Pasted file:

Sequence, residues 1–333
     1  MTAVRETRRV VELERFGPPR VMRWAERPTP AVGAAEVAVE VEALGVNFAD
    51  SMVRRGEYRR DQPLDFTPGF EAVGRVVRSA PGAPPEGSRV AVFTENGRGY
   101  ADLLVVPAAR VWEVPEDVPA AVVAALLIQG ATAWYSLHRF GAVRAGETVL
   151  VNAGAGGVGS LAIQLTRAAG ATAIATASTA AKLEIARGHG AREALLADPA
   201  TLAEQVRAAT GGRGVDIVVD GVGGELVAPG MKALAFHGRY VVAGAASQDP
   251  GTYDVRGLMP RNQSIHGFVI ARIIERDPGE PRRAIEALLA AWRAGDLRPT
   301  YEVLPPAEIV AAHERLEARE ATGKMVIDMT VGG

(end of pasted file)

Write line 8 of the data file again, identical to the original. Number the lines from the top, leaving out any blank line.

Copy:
   301  YEVLPPAEIV AAHERLEARE ATGKMVIDMT VGG